During India's first years of independence from Britain, Steve Gibbs lands his armaments loaded plane in Ghandahar province hoping to get rich. Pacifist Prime Minister Singh hopes to reach ... See full summary »
On Chicago's South Side reporter Ed Ames finds the body of a dead girl. Her address book leads to a host of names of men frightened by her death but claiming never to have known her. Ames comes to know quite a lot, dangerously so.
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Relentless postal inspector Al Goddard is set to Gary, Indiana, when another officer is murdered. He must find the nun who witnessed the murder, then infiltrate the gang by convincing them he is a postal inspector gone bad. Written by
Ed Stephan <email@example.com>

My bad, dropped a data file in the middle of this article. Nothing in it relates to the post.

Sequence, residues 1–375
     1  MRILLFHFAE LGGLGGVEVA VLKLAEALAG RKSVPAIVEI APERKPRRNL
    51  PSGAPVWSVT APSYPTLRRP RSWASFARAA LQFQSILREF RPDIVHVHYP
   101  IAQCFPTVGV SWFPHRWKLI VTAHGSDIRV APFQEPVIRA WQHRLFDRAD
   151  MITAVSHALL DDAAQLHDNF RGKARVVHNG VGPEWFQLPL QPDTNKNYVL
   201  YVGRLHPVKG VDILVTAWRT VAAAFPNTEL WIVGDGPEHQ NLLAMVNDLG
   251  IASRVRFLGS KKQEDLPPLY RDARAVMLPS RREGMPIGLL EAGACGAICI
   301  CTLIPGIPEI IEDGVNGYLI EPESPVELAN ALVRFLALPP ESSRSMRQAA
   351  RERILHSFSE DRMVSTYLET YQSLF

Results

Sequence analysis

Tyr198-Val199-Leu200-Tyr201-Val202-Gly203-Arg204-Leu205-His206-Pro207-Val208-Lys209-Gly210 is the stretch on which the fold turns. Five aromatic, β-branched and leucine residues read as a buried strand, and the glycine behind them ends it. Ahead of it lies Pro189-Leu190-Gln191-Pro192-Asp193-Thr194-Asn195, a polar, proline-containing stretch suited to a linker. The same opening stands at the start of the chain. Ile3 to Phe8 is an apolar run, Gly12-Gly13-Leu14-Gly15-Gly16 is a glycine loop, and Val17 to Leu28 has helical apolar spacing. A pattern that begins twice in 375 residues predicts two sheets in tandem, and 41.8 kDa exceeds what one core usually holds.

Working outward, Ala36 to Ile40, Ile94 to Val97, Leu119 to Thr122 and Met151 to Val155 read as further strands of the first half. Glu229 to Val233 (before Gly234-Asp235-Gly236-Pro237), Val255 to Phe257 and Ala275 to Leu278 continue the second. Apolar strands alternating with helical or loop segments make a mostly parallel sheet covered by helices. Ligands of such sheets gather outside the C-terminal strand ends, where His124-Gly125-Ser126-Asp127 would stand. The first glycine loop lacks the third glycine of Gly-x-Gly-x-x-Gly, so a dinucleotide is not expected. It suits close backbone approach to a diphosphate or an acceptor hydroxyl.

I caught this by accident on Sky at a friend's place at 8 one Sunday morning, so it was clear what Sky thought of it. In fact it's a gripping & well-crafted 'film gris', making good, expressive use of studio sets (with occasional location montages) and showing Alan Ladd at his best - the archangel of understated cold menace. Closed-in tension, violence & intrigue are the generic elements - the heart of Hollywood crime movies - and Ladd needs to be respected as a screen actor, not mocked for not being very tall. His career was slipping, and the length & other casting (strong character actors, no stars) suggest a B movie but here he's as natural as Spencer Tracey in a laid-back tough guy role. Unusual too in that it shuts out any Cold War vibes & focuses on a public utility - the US Postal Service.
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